88 Percent Admit to Facebook Stalking Their Ex

Facebook Stalking is a past time enjoyed by many a user. Some do it out of boredom, others out of curiosity and some even take it to the extreme past all societal norms or legal boundaries. A recent study by Vernonika Lukacs, a Master’s Degree candidate at Western University, found that a whopping 88 percent of respondents Facebook stalk their ex-lover in some capacity.

Facebook can often be the perfect place for spurned lovers to spy on their exes, so Lukacs decided to base her graduate thesis on the subject. The study titled “It’s Complicated: Romantic breakups and their aftermath on Facebook”, surveyed people 18 to 35 years old and interviewed another set of 21 to 39 years old, all of whom had experienced break ups in the last 12 months.

Out of the total numbers who Facebook creep on their exes, 70 percent admitted to doing it using a mutual friend’s account. What’s more shocking is that 74 percent even investigated the profile of their ex’s new partner or those who they think to be the new partner.

Niagra Advance breaks down other statistical highlights of the study:

  • 48% of people remained friends with their exs on Facebook.
  • 88% creeped their exs.
  • 70% used a mutual friend’s profile or logged in as a mutual friend to creep their ex.
  • 74% tried to creep an ex’s new partner or suspected new partner.
  • 64% said they re-read or analyzed old messages from their ex.
  • 50% deleted pictures of their ex from their profile.
  • 31% posted pictures to try to make their ex jealous.
  • 33% posted a song lyric or quote about their ex as their status.
  • 52% said they were jealous of a picture their ex posted.

The study did not offer a comprehensive answer to what lovers and ex-lovers do online during and after their relationships. But it gives a glimpse of what some people do to mend their hearts (or ego) just after a breakup. The Internet and social networking sites are making it easier to spy on friend and foe alike.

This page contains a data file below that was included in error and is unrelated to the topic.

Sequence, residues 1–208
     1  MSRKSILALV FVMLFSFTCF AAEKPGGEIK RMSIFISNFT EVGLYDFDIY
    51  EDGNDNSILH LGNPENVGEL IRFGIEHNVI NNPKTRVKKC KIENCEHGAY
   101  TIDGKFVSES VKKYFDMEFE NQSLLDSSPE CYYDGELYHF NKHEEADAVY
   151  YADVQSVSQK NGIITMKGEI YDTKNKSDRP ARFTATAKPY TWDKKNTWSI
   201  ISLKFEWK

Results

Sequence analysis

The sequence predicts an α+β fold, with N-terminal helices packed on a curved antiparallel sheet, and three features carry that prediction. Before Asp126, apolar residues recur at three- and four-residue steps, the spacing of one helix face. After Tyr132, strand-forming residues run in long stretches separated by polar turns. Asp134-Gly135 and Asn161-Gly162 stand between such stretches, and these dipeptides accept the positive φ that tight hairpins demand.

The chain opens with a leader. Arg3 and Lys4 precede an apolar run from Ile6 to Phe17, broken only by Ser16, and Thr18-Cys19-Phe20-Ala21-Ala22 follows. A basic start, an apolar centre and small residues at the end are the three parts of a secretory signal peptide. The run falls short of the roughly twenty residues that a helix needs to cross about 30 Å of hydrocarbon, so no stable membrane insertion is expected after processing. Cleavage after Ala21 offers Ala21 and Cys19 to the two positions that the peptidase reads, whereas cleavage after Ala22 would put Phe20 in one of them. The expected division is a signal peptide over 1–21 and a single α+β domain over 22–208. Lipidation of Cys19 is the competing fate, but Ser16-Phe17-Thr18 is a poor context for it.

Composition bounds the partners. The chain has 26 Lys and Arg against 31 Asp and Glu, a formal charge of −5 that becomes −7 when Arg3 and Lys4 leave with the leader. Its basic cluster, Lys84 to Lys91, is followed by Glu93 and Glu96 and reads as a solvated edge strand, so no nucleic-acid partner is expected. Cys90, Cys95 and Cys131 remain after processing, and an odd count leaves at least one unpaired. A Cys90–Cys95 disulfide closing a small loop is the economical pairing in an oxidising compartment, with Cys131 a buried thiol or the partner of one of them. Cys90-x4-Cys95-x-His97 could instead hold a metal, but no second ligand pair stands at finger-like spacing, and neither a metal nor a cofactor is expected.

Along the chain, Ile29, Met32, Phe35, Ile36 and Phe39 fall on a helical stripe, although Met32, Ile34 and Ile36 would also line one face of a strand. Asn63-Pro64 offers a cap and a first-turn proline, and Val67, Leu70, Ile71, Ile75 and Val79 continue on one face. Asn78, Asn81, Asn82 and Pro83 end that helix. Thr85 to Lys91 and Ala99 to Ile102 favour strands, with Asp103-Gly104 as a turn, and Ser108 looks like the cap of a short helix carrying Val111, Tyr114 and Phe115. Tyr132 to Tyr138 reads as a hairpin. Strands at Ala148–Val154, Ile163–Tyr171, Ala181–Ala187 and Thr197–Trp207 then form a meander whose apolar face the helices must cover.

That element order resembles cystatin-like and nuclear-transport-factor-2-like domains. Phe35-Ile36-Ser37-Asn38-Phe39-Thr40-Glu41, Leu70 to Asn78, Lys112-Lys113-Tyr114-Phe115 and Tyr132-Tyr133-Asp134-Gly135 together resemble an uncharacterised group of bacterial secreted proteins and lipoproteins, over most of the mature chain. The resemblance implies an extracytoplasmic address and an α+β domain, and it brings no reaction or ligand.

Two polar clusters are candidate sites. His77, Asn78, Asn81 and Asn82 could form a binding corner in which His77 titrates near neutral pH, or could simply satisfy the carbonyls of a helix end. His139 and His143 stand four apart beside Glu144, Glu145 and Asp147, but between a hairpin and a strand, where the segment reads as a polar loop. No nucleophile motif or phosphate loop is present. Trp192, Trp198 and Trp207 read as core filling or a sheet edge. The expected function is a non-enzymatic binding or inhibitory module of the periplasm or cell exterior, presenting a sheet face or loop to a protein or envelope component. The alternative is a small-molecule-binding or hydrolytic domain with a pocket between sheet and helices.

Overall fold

Apart from these shocking statistics, there are some serious privacy implications at hand. If you would like to better protect your privacy from your ex (or anyone else for that matter), then consider heeding the following suggestions:

  1. Change your Password – Some people share passwords or an ex-lover could have found yours out by other means.
  2. Un-friend the person if the relationship didn’t end on good terms.
  3. Consider removing close friends of your ex. The study shows that there is a good chance your ex will use the account of a friend to creep on you.
  4. Create a Facebook list of mutual friends and use Facebook’s sharing options to limit what posts they can see.
  5. Limit your posts and activity to ‘Friends Only’ and not ‘Friends of Friends.’
  6. Advise any new romantic interests of yours to do the same. 🙂

If you need a complete walk-through on how to configure your Facebook privacy and account settings for ultimate privacy and security, then click here.

Recommended Resources

BitDefender Safego is a Facebook application you can install that will scan your News Feed and help keep you safe from scams on Facebook.

PRIVATE WiFi® is a Personal VPN that encrypts everything you send and receive. Don’t access Facebook from a public WiFi hotspot without it.

Do Not Track + is a FREE browser plugin created by Abine. This easy to install plugin keeps websites from tracking you. If you value your online privacy, then you should definitely take advantage of this free product.

Action Alert | Free Parental Control offers a 100% free Internet safety solution designed for parents. There is also a Maximum Protection option for parents that need a more advanced set of tools.

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